Friday Highlight  

Why ESG preachers should take a wider view

Why ESG preachers should take a wider view
Photo by Enrique from Pexels

Competition in the environmental, social and governance sphere is heating up, but the race is not necessarily all about assets. Some ESG investors will only select like-minded managers that focus exclusively on ESG, but relying on subjectivity and emotion may be a mistake. 

As the ESG space has burgeoned, propelled by a nitroglycerine-like performance boost during the pandemic, financial advisers and consultants are understandably searching for the best options for their clients.

Assets under management paint a confusing picture as experienced ESG boutiques are rapidly eclipsed by larger rivals, whose gargantuan marketing budgets have helped them hoover up investors’ ethically-focused cash.

So where to turn? Well, it seems that ESG specialisation is the defining characteristic that many believe sorts the wheat from the chaff.

The conviction in this is so strong in some quarters that some fund selectors, advisers and consultants refuse to accept that an asset manager can run traditional investment products alongside ESG offerings, and there is a growing tendency to mark such businesses down in the due diligence process.

Blinkered view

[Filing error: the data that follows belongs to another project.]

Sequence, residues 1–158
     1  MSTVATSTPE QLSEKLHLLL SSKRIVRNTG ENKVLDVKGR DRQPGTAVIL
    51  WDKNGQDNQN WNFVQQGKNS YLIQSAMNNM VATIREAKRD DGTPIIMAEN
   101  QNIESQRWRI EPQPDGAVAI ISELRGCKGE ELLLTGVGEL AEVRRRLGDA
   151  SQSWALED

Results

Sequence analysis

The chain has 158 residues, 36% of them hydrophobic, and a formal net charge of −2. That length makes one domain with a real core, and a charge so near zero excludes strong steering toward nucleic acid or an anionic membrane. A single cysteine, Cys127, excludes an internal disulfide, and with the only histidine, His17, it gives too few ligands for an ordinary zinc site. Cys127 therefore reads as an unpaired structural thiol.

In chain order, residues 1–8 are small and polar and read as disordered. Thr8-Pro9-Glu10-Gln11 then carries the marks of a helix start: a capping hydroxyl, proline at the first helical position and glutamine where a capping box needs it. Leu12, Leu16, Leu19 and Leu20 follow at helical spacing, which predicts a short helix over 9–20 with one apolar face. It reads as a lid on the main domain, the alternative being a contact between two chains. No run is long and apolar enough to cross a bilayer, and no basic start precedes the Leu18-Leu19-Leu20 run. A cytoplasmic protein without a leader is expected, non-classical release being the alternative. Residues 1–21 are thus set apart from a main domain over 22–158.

On face value, this might make sense. Why not choose someone whose focus is entirely on one thing, and who is passionate about this area?

The problem here is multi-faceted, but two aspects are particularly important.

Firstly, if a business has always done one thing and one thing only, there is an argument to suggest that they might not be able to see its pitfalls.

ESG is undoubtedly having its moment in the sun, but what does an ESG portfolio actually mean in terms of risk?

Intuitively, the application of filters and the introduction of active share relative to the market portfolio should negatively impact risk/reward characteristics. 

A traditional exchange-traded fund portfolio might comprise as many as four times the companies in it than an ESG or socially responsible investment equivalent, meaning investors are increasing their concentration risk, sector skew and geographic concentration.

Lack of objectivity

The other problem relates to the subjective nature of ESG investing. Investors would love to believe that the long-term performance of investing in sustainable companies will be superior to that of the broader market.

The belief is that because the strategy aims to do good ethically speaking, it will also do well financially.

This is attractive as a belief set but is not neatly supported by history. In fact, it is arguable that some sin stocks, notably tobacco, have traditionally produced outsized gains for investors – in tobacco’s case in spite of litigation and rising public awareness about the harm combustible cigarettes cause.

It does not necessarily follow that just because capital moves to sustainable stocks that they will do well ad infinitum and applying an ESG filter to a portfolio is a decision based primarily on conscience and principle, both subjective criteria.

Subjectivity is the prerogative of the investor. Asset managers should surely respect the intentions and preferences of investors, but should objectively apply expertise, science, academic findings and financial objectivity while doing so.